My email response to a request for more information about Fraunhofer and Fresnel diffraction:
Let me see if I can give it a shot, but I recommend also looking at diagrams in the books I mention at the end:
Diffraction is a phenomena arising from the wave nature of light. A diffraction pattern appears because light will interfere with itself, just as waves do. But the difference between Fraunhofer and Fresnel diffraction is dependent on how you setup your experiment.
Fraunhofer diffraction: Light can occur as plane waves, which we can imagine as the waves that come rolling in over the ocean. These plane waves can hit an obstruction, like when ocean waves hit a dock, and travel on in a very different pattern. At a large (compared to the size of the obstruction) distance away from the obstruction, there will be an illumination pattern of light and dark depending on the direction from the obstruction. This pattern is a Fraunhofer diffraction pattern. The (effective) source of light and the place where you're recieving the light must be relatively _far_ from the obstruction (e.g. >1 meter from a 0.1 millimeter slit or hole), hence the alternate name of "far-field" diffraction. These distances must be large enough so that the light that arrives and leaves the obstruction and reaches the wall or screen are nearly plane waves.
(An experimental detail: a common source is for this experiment is a laser, which inherently produces plane waves, so the laser itself can be placed near an obstruction, but the screen must still be far enough away. And there are other tricks with lenses one could do.)
Fresnel diffraction: Light can also occur as spherical waves, which is analogous to the circular waves expanding from where we just dropped a pebble in water. A point source of light produces spherical waves. After these spherical waves pass by an obstruction, they will produce a Fresnel diffraction pattern at the screen or wall where they arrive. In general, the distance between the source and obstruction and the distance between the obstruction and the screen can be arbitrarily close, but the interesting distances are on the order of centimeters to 1 meter from a millimeter sized obstruction. Because these distances are not too far, this phenomenon is also called "near-field" diffraction.
(An experimental note: A device called a "spatial filter" can convert a laser's light into spherical waves. It's a technical sounding name, but all it really is is a lens and a very small hole. The lens focuses the laser light onto the hole, and the hole only lets through light from a _very_ small volume of space, so the hole essentially becomes a point source of light, and violá, spherical waves.)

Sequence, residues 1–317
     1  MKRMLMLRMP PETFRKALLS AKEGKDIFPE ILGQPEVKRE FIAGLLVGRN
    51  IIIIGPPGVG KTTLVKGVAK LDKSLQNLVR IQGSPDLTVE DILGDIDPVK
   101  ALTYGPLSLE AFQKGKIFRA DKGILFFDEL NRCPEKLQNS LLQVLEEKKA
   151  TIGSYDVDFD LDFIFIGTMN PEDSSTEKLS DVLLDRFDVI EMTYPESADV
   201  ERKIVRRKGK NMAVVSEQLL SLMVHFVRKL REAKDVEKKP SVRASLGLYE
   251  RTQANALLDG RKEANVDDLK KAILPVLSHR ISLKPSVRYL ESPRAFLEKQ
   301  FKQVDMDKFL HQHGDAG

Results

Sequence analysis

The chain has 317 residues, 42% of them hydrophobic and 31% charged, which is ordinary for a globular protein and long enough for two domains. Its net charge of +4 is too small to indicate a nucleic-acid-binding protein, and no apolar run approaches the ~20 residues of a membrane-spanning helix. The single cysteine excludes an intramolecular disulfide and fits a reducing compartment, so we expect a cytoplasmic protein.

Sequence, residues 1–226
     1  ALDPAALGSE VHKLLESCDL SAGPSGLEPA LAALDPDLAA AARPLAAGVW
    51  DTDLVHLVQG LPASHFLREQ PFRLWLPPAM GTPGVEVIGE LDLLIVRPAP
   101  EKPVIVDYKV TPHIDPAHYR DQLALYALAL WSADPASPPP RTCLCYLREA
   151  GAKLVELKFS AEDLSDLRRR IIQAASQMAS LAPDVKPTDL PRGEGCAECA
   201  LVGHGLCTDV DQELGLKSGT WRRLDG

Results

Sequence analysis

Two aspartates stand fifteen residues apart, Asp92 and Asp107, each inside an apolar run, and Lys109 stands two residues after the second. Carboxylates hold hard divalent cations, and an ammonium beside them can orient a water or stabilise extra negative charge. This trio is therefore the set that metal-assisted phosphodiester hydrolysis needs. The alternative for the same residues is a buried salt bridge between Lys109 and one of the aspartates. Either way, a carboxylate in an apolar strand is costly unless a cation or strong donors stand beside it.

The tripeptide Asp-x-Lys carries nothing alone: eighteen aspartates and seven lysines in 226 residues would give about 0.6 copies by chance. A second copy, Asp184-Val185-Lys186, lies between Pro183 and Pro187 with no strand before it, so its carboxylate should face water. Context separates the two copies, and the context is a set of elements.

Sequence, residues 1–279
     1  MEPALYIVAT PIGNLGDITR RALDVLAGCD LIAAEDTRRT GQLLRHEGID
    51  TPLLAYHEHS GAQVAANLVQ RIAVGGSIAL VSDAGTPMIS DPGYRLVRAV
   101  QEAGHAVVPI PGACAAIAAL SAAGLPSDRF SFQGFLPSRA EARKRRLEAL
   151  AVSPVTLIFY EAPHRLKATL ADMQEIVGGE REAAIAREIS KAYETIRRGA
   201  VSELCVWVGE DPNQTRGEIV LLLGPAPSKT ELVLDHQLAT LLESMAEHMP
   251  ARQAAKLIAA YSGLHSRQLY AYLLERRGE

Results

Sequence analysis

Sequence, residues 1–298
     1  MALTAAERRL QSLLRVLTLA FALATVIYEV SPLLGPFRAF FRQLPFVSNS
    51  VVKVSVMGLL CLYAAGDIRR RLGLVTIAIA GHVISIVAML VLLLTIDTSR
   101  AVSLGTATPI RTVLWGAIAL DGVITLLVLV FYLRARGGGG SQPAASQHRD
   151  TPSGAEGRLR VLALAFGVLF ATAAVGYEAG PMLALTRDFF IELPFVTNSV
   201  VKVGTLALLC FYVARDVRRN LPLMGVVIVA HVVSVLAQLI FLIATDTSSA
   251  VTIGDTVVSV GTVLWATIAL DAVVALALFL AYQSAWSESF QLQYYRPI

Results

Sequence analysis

On the theoretical side, computing a Fraunhofer diffraction pattern was traditionally much easier than computing a Fresnel diffraction pattern. As a result, most textbooks only gloss over, if not overlook, Fresnel diffraction and leave the impression that only one kind of diffraction exists.
I take it that you have seen the images on my Fresnel web page, so now you have an idea of what Fresnel diffraction patterns look like. You can probably get more information from your nearest large public or university library for optics or diffraction type stuff. One good physics book is _Physics_ by David Halliday and Robert Resnick (there have been so many editions it seems; most of them are good). It has very nice chapters on waves, light, and interference, and it has a chapter mostly devoted to Fraunhofer diffraction. An excellent book that looks at the two diffraction types in an even-handed way is _Optics_ by Eugene Hecht (2nd ed.). That book has many diagrams, examples, explanations for both types of diffraction.
And, of course, if you want to make your own Fresnel diffraction patterns, download my program. Although I don't specifically know where, I've heard there are lots of programs out there that do Fraunhofer diffraction* (or just Fourier transforms).
I hope this helps,
* Note: The Fresnel Diffraction Explorer now does Fraunhofer diffraction too, as of version 1.1.Back